Now, I am the first to admit that this is not the sexy job that I dreamt of during my teens but, since Nirvana already had a guitarist and since my musical skills were vastly inferior to my technical ones (as it panned out at least), here I am. Many people like myself realize after significant scientific training that they are better suited to computer sciences than to science itself, but when the former can be used to advance the progression of the latter it then it is even more rewarding. It is perhaps surprising that I didn’t envisage a career such as this, because in hindsight I can see somewhat clearly that I and my peers were primed to engage with technology and to ‘program’ rather than ‘use’ computers from a very early age. In the 1980’s we were on the brink of a technological revolution though we were not aware of it at the time. “IT” was a term that didn’t appear until much later, and professional computer programmers were extremely rare. Parents were utter digital illiterates, which was a source of great amusement to us kids who seemed innately able to program the new devices. And the nature of those devices themselves was I believe, partly responsible for the technical priming of a generation.  At that time every school in Britain (where I grew up) owned at least one BBC micro – a programmable and hardy system that was built entirelyfor the education of children. In my school we had a single unit that was permanently positioned on a giant trolley and was shared between all classes in the school. One afternoon every two weeks it would be the turn of my class to have the computer! The BBC micro was an inherently programmable computer and all kids needed a few commands in order to be able to do

The Sinclair ZX spectrum was perhaps the most programmable home computer ever made

anything. I am not pretending that many children were skilled programmers but that that the lack of any significant user-interface instilled a closer relationship to the hardware from the outset. At  my home, like millions of other 80’s homes we had a ZX spectrum – possibly the most programmable home computer ever made. Even just to load a computer game one would have to write the following command into at the cursor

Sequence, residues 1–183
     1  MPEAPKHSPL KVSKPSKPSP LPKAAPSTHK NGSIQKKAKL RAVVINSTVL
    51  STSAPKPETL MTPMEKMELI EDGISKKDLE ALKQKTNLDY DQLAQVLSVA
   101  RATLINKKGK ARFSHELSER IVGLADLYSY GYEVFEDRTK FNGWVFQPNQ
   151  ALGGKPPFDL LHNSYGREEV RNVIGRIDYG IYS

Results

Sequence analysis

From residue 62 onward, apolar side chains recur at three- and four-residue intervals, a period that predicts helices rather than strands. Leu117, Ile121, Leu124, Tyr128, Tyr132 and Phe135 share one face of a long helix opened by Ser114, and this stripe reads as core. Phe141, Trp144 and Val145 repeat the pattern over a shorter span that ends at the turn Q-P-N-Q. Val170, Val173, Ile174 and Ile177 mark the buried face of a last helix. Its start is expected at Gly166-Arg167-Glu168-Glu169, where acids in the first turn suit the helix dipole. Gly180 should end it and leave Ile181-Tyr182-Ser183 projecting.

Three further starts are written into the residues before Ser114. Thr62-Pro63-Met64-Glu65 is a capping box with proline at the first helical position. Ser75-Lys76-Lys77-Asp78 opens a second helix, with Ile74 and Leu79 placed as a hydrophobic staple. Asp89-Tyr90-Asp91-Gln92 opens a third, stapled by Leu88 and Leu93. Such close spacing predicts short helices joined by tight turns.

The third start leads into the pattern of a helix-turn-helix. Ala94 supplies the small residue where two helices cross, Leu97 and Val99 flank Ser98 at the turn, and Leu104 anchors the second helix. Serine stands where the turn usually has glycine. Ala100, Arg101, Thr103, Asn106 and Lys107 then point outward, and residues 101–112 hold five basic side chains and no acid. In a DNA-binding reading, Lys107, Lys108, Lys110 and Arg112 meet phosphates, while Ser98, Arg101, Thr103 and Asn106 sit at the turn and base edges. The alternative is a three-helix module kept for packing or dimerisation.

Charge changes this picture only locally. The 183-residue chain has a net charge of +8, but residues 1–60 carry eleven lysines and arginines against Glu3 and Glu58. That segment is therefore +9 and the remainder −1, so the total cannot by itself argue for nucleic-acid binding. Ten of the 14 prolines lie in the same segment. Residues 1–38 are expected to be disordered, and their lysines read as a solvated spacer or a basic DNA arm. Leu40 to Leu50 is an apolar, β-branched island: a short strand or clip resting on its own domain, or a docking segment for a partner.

load “”

This simple command told the system to load from an external storage device an unknown program.  One would then sit for several minutes watching pretty borders sparkle to the accompaniment of strange sounds, as the compuer “loads” a program from external storage (tape) into physical memory (around 64k at the time). The only magazine I have ever subscribed to in my life for a long period of time was called “Input” and was a computer programming magazine that included full code listings for the Spectrum, the Amstrad, the BBC micro,

The BBC micro - a computer designed entirely for the digital education of children

Acorn Electron etc. Here you could write graphics programs, system software for controlling peripheral devices and even games for your home computer. I spent hundreds of hours typing the listings word-for-word and then modifying slightly the eventual code to understand what was happening in the machine.  My main preoccupation was games, but these tech experiences at a young age taught me about programming languages and machine code, and unquestionably conditioned me to be comfortable with programming computers over simply navigating user-interfaces. There was something we were getting right with computers and kids back in the eighties, and I would like the opportunity to thank whoever it was that pushed out the BBC micro programme into British schools.